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    Moving Forward Resolutely

    The New Year is a time of setting admirable goals for yourself, such as to eat less, exercise more, work smarter, control your temper better, be more charitable, tell your loved ones that you love them in general, be a better human being.

    The New Year is a time of setting admirable goals for yourself, such as to eat less, exercise more, work smarter, control your temper better, be more charitable, tell your loved ones that you love them in general, be a better human being.

    The start of a new year is also a good time to plan how you want your business to advance in the coming year. When a year ends as encouragingly as 2006– lower gas prices, strong holiday spending, and higher in-store profits for most retailers the temptation is to believe the good times will just continue. Indeed, Convenience Store News' annual Forecast Study, the industry's only research-based preview of the upcoming year's sales in key c-store product categories, paints an optimistic picture for 2007. However, smart retailers know that there's a big difference between trawling at the low end of a rising wave, and surfing at the crest with the winners. So, here's our suggested Top 10 New Year's Resolutions for convenience store retailers:

    Drop what's not working and move on. Review what worked last year and what didn't. Don't just layer on new projects and programs over your current initiatives. Devoting your attention to fixing the unfixable is a waste of time and resources.

    Learn something new. This is not just a good personal resolution; it's a critical business goal. Whether you are a store manager or CEO, do everything you can to increase your knowledge about your products, your company processes, your customers. If you are in finance, learn something about merchandising. If you are a marketer, see what you can learn from an IT person at your company.

    Review last year's resolutions. If the same item is on the list, face up to the fact that you are not going to do it and take it off this year's list, or rededicate yourself more firmly to accomplish that goal.

    Put this year's resolutions in writing. Otherwise, you won't be able to review them next year. Post them on your bulletin board. Talk about them with colleagues and customers. This will reinforce your will to achieve your goals.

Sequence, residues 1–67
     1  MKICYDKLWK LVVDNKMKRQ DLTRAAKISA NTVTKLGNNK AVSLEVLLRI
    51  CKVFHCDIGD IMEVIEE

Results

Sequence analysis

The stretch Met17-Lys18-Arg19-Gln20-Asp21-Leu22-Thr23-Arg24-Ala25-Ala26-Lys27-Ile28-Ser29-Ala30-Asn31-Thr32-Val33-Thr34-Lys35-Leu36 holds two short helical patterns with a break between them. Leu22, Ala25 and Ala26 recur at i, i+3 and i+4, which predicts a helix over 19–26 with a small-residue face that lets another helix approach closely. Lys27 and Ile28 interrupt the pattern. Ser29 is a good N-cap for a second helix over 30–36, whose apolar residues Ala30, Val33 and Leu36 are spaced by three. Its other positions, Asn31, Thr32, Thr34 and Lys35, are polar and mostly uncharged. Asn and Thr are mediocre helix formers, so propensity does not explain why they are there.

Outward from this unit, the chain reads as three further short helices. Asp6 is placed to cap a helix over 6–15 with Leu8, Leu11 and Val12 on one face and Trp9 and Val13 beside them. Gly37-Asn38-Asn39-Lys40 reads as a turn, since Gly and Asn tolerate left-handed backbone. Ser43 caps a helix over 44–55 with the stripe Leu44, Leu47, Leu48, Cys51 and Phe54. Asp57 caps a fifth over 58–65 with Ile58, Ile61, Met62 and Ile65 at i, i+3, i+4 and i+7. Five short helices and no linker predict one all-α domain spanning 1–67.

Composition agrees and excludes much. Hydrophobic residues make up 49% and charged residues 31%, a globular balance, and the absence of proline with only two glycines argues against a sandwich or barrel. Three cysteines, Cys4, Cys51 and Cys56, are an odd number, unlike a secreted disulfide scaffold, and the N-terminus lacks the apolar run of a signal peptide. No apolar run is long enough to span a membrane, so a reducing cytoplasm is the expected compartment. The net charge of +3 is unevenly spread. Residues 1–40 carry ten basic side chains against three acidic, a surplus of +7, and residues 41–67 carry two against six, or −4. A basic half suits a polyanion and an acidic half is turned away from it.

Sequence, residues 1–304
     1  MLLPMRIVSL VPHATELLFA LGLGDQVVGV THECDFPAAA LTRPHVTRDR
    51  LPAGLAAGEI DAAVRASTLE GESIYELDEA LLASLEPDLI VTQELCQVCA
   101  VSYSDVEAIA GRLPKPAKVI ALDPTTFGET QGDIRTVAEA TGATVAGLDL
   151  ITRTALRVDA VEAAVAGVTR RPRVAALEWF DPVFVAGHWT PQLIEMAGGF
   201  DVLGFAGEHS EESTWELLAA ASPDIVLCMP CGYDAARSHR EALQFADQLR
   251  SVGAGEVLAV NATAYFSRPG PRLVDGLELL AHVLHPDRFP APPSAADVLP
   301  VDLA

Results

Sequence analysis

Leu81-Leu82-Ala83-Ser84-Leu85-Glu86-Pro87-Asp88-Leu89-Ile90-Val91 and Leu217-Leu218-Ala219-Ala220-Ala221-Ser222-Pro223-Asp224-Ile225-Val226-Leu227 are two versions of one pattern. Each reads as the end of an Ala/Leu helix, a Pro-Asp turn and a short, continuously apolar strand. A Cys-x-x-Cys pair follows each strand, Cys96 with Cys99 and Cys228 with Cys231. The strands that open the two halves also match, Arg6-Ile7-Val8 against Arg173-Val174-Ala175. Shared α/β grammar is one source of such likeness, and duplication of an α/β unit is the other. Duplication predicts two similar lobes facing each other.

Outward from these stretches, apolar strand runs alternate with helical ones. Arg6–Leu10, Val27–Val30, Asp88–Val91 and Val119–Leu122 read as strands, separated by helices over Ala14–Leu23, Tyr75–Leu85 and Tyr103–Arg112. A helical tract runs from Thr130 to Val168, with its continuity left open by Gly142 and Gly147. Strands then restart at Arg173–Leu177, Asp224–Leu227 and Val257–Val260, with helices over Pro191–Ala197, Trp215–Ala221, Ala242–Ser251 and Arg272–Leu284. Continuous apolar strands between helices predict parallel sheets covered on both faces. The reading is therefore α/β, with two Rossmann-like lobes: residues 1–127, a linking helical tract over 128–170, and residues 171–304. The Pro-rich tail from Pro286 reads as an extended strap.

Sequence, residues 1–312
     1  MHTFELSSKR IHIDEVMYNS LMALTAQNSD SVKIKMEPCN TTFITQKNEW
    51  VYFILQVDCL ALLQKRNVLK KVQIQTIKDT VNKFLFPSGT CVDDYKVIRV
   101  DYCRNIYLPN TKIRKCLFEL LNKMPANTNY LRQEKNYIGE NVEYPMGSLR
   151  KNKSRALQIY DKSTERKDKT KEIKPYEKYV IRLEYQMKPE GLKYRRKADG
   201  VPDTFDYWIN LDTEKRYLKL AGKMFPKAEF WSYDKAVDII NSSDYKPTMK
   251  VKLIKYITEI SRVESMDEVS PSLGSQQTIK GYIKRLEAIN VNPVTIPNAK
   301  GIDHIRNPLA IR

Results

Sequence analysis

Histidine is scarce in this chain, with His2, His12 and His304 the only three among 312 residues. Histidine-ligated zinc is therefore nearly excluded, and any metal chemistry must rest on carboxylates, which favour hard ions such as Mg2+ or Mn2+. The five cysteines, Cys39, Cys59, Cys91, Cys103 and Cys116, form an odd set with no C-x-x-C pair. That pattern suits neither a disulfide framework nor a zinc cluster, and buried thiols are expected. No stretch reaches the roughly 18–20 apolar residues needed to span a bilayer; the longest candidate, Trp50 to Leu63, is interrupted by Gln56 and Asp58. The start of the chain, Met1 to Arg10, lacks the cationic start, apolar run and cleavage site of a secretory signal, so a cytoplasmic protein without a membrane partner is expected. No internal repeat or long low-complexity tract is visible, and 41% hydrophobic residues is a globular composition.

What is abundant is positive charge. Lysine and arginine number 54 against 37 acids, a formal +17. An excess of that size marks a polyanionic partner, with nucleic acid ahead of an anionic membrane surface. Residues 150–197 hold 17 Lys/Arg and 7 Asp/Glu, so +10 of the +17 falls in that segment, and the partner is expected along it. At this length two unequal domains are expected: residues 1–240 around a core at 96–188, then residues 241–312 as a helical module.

Be positive. We're not saying you should be a Pollyanna, but no one wants to work with or follow a constant naysayer. If you are a leader, or if you want to be one, it is imperative to maintain a positive mindset.

    Acknowledge your victories, and learn from your errors. Don't spend too much time dwelling on your successes or failures. But don't overlook them either. Celebrating even small wins will enhance the morale of your organization and provide the confidence it takes to win the bigger battles.

    Promote and market your business. No one would ever accuse 7-Eleven or one of the major oil companies of not promoting themselves enough. But, many smaller c-stores overlook the importance of marketing and promotion to attract new customers. It doesn't take a multi-million dollar budget. There are dozens of low cost ways to create buzz about your stores and products.

    Get involved in industry organizations and networking events. Nothing beats meeting with your peers at industry trade shows and conferences to uncover new ideas, look at old methods in a different way, and make contacts. One of the most productive venues for sharing best practices is CSNews' annual Future Forum, being held March 26-28 in St. Petersburg, Fla. (Watch your mail for your retailer invite, or contact Lois Miller at 516-868-9563 or email [email protected] for information.)

    Become Web literate. The Internet is enabling retailers to reach customers that don't typically shop your stores. A strong online presence drives offline sales. See what other types of retailers are doing online and figure out what strategies you can adapt for your business. C-stores cannot afford to let the Internet pass them by.

    Give back to your community. Give to local causes. Better yet, join a committee or be a volunteer to a group in your store's community that is trying to make it a better place. Of course, there's always the good karma that comes with doing good things for others.

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